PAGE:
The Enga language is very challenging for English speakers to learn. One of the biggest challenges is figuring out which of the seven words for ‘is’ to use in any given situation.
Greetings from the village of Immi in Enga Province, Papua New Guinea! We are nearing the end of our five-week stay here, and we have enjoyed the opportunity to really dive in to learning the language and culture of Enga.
One of the most challenging aspects of the Enga language to master has been the word ‘is’. You would think such a basic word would be easy, but we have discovered that there are seven ways to say ‘is’, which is based on how Engan people perceive different beings and things.
For example, if you want to say, “A man is outside,” you must say, “A man standsoutside.” But if you want to say, “A woman is outside,” you must say, “A woman sitsoutside.” That is because in Engan culture men are usually standing and women are usually sitting. If you want to say, “A baby is outside,” you must say, “A baby liesoutside.” Of course babies are usually lying down.
If you want to say, “There is a river,” you must say, “A river comes.” To say, “There are mushrooms in the forest,” you would say, “Mushrooms hang in the forest.” To say, “There are clouds in the sky,” you use the same Enga word that means ‘to hear’. (I haven’t figured that one out yet!) Finally, to describe the existence of body parts, you use the word that means ‘to carry’.
Now to make matters worse, if you want to say, “There is a woman,” and you see that she is actually standing and not sitting, then you can’t say, “A woman sits.” You must say, “A woman stands.”
It is clear that the Engan people perceive the world differently than we do, but we rejoice that God can use those differences to make His Word become alive for all!
I have encountered similar reactions all over town whenever I speak in Enga. When I stop to speak with someone in town, I soon have a crowd of people around me who are fascinated to hear a ‘kone’ speaking Enga! People have literally squealed with joy at hearing me speak Enga!
The reactions are not the same when we speak in Tok Pisin, which is the main trade language of Papua New Guinea. Many foreigners can speak Tok Pisin. But there are few foreigners that take the time to learn Enga!
Now, if people get that excited to hear a ‘kone’ speaking a few words of broken Enga, imagine how excited they will be to hear the very word of God in Enga! Learning someone’s language tells them that you value them, and I believe that when people hear the Word of God in their own language, they will experience the love of God in a unique and powerful way!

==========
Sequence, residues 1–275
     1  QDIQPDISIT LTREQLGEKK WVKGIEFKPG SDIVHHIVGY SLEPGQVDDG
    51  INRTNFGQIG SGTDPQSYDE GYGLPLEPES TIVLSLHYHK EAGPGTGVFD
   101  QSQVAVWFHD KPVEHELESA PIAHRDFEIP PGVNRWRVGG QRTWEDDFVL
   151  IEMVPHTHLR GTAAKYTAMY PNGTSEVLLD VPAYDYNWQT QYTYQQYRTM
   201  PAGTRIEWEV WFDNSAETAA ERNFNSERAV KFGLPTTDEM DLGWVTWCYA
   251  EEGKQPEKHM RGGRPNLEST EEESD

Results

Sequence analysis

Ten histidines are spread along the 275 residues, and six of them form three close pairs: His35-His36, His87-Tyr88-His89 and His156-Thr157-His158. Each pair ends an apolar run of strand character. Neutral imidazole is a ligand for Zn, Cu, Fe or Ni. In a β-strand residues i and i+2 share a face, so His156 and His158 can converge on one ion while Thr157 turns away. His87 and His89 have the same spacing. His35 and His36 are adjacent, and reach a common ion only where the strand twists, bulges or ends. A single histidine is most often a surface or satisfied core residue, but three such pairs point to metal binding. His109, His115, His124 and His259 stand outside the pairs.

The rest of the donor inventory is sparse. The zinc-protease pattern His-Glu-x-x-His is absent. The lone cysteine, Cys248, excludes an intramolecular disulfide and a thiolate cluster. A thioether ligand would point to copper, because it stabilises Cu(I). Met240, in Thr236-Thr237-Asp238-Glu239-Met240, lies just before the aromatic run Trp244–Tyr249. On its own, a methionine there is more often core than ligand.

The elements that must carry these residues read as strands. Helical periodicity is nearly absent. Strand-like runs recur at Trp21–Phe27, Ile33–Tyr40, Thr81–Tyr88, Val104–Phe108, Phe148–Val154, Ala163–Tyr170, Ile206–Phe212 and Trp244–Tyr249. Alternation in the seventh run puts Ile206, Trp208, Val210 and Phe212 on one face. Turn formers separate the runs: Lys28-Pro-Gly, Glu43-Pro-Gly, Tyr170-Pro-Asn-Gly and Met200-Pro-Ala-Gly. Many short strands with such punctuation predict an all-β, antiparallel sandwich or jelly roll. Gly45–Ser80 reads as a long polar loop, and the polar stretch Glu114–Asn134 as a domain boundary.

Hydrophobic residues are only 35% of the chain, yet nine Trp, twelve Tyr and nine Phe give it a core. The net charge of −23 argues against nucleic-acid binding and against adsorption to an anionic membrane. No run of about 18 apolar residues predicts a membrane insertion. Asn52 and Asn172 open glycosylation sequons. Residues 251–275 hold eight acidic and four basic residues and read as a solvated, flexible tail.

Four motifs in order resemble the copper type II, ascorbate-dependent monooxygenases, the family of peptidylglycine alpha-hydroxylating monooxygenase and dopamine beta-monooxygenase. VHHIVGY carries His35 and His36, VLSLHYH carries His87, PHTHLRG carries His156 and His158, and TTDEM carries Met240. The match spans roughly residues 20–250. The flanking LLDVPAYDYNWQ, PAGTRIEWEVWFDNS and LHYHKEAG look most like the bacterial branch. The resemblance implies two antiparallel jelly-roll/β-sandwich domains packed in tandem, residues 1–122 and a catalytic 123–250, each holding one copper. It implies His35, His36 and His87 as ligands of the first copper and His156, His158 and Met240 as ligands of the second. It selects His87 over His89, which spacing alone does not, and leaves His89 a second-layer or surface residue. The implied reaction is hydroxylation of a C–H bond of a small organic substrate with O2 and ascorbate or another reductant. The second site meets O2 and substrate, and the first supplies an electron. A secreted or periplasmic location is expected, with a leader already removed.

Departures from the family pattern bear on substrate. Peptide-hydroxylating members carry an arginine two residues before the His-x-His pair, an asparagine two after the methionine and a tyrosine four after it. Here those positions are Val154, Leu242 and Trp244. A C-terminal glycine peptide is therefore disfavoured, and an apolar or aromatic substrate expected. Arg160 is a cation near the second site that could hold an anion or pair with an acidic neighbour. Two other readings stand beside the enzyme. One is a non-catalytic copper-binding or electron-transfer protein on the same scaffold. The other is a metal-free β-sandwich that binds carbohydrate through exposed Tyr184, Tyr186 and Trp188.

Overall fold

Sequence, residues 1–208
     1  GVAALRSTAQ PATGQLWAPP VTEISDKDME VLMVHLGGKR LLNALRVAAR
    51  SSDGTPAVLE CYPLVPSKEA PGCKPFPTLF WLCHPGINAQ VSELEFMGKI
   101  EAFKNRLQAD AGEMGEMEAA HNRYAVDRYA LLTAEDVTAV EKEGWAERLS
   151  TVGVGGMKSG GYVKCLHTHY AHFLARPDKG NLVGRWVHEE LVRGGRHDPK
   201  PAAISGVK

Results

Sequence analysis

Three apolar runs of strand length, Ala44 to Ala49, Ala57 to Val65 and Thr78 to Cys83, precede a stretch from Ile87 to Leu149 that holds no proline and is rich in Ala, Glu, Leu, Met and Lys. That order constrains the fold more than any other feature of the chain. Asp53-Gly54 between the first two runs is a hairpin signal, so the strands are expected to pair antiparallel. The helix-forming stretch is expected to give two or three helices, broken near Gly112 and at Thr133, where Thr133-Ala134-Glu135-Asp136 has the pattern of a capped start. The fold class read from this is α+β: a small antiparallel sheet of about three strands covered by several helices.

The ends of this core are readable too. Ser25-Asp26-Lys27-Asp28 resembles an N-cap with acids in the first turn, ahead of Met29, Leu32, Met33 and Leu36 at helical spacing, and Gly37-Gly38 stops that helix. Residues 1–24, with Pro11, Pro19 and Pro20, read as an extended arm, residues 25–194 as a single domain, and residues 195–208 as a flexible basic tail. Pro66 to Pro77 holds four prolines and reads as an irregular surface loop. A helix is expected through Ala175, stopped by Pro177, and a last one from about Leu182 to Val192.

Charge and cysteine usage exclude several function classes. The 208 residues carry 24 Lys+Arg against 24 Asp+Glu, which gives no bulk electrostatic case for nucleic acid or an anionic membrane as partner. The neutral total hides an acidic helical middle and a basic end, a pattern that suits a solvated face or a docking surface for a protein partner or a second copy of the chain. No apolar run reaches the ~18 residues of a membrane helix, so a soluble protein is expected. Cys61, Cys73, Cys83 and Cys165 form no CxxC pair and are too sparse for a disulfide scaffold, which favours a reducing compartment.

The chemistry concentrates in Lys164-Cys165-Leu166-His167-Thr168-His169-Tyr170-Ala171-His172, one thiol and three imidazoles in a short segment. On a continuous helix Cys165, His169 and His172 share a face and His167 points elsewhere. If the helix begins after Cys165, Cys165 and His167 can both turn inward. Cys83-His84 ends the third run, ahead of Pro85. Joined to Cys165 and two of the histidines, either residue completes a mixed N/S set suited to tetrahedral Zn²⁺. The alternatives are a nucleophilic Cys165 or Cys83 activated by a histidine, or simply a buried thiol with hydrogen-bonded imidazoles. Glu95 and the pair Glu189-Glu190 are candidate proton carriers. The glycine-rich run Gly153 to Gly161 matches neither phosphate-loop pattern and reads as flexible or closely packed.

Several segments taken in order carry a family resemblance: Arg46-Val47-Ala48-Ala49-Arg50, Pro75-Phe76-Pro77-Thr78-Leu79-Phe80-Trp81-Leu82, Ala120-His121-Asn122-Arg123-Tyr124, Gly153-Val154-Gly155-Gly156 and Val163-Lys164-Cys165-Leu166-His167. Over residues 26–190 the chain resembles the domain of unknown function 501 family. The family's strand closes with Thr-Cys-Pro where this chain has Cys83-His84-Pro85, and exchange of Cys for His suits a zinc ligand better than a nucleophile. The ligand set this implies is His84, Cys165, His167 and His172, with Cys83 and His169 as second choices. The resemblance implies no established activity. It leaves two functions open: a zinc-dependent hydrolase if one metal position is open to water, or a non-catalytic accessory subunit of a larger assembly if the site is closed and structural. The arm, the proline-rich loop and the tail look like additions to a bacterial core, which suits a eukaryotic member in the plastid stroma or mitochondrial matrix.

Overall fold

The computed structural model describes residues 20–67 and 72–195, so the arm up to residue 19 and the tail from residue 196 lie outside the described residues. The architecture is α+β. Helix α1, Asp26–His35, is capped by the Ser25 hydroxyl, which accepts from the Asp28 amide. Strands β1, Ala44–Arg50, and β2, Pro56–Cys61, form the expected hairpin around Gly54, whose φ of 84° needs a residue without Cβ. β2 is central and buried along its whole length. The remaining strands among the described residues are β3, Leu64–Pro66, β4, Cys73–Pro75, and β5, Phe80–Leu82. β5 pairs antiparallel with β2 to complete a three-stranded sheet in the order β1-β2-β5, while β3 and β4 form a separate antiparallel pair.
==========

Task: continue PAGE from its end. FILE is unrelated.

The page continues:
A look at some other ways in which the Enga language differs significantly from English...
I (Adam) was sitting with Ruben, my language guide, one day when I heard pigs squealing. So I said, “Mena dupa kaa lelyamino” (The pigs are squealing). I was surprised when he corrected me and said, “Mena dupa kaa lalumino” (I sense that the pigs are squealing). Because I could not actually see the pigs, I could not plainly state that pigs were squealing. Rather, I had to use a form of the verb indicating that I sensed (in this case by hearing) that pigs were squealing. Engan culture must value the difference between eye-witness testimony and hearsay!
There is no single word in Enga for the English word ‘want’. In order to say, “I want to go home,” you would say, “Namba andaka patoo lao masilyo,” which literally means, “I am thinking, saying, ‘Let me go home.’” Now if you want to say, “He wants to go home,” you would not say, “He is thinking, saying, ‘Let him go home.’” Instead you would say, “He is thinking, saying, ‘Let me go home.’” So it is like you are describing the thoughts that he is saying to himself in his mind.
We commonly think of the English language as having three tenses: past, present, and future. Enga has six tenses: far past, near past, immediate past, present, immediate future, and far future. So if you wanted to say, “I went home,” the verb form you would use would depend on whether you went home earlier that same day, the day before, or two days before. Similarly, if you wanted to say, “I will go home,” the verb form you would use would depend on whether you were going home that same day or the next day.
We return to Ukarumpa in the Eastern Highlands Province on February 12. After three weeks in Ukarumpa, we will spend three weeks in Lae fulfilling a group service requirement. After returning to Ukarumpa again in April, we will mentor a team of Engans who will spend five weeks completing the annual Translators’ Training Course (thanks to a generous donation from Newbreak Church in San Diego). Following this training, we will begin translating the New Testament into the central dialect of Enga, beginning (most likely) with the book of Mark!